### Human Active Learning

We investigate a topic at the interface of machine learning and cognitive science. Human active learning, where learners can actively query the world for information, is contrasted with passive learning from random examples. Furthermore, we compare human active learning performance with predictions from statistical learning theory. We conduct a series of human category learning experiments inspired by a machine learning task for which active and passive learning error bounds are well understood, and dramatically distinct. Our results indicate that humans are capable of actively selecting informative queries, and in doing so learn better and faster than if they are given random training data, as predicted by learning theory.

### Active Instance Sampling via Matrix Partition

Recently, batch-mode active learning has attracted a lot of attention. In this paper, we propose a novel batch-mode active learning approach that selects a batch of queries in each iteration by maximizing a natural form of mutual information criterion between the labeled and unlabeled instances. By employing a Gaussian process framework, this mutual information based instance selection problem can be formulated as a matrix partition problem. Although the matrix partition is an NP-hard combinatorial optimization problem, we show a good local solution can be obtained by exploiting an effective local optimization technique on the relaxed continuous optimization problem. The proposed active learning approach is independent of employed classification models.

### Near-Optimal Bayesian Active Learning with Noisy Observations

We tackle the fundamental problem of Bayesian active learning with noise, where we need to adaptively select from a number of expensive tests in order to identify an unknown hypothesis sampled from a known prior distribution. In the case of noise-free observations, a greedy algorithm called generalized binary search (GBS) is known to perform near-optimally. We show that if the observations are noisy, perhaps surprisingly, GBS can perform very poorly. We develop EC2, a novel, greedy active learning algorithm and prove that it is competitive with the optimal policy, thus obtaining the first competitiveness guarantees for Bayesian active learning with noisy observations. Our bounds rely on a recently discovered diminishing returns property called adaptive submodularity, generalizing the classical notion of submodular set functions to adaptive policies.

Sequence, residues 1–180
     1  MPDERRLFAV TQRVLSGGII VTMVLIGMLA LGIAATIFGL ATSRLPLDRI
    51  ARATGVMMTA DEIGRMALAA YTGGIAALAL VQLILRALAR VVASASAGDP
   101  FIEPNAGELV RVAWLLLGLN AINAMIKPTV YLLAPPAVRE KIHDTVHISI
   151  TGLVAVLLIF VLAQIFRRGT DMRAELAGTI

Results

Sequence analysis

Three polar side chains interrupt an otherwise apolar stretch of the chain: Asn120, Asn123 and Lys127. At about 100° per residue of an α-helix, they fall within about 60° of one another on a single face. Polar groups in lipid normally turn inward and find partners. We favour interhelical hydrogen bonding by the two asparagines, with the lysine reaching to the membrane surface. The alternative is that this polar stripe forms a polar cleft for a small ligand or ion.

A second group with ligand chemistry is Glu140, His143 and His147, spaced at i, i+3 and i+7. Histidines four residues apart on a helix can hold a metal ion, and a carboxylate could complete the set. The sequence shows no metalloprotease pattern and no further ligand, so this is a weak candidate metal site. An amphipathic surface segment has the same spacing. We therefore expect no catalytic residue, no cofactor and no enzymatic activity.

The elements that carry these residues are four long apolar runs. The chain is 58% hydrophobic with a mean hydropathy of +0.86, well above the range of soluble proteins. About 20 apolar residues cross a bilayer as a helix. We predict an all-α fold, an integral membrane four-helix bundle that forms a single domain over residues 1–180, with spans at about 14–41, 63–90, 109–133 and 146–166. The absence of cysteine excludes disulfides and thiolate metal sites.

### Agnostic Active Learning Without Constraints

We present and analyze an agnostic active learning algorithm that works without keeping a version space. This is unlike all previous approaches where a restricted set of candidate hypotheses is maintained throughout learning, and only hypotheses from this set are ever returned. By avoiding this version space approach, our algorithm sheds the computational burden and brittleness associated with maintaining version spaces, yet still allows for substantial improvements over supervised learning for classification. Papers published at the Neural Information Processing Systems Conference.

### Bayesian active learning with localized priors for fast receptive field characterization

Active learning can substantially improve the yield of neurophysiology experiments by adaptively selecting stimuli to probe a neuron's receptive field (RF) in real time. Bayesian active learning methods maintain a posterior distribution over the RF, and select stimuli to maximally reduce posterior entropy on each time step. However, existing methods tend to rely on simple Gaussian priors, and do not exploit uncertainty at the level of hyperparameters when determining an optimal stimulus. This uncertainty can play a substantial role in RF characterization, particularly when RFs are smooth, sparse, or local in space and time. In this paper, we describe a novel framework for active learning under hierarchical, conditionally Gaussian priors.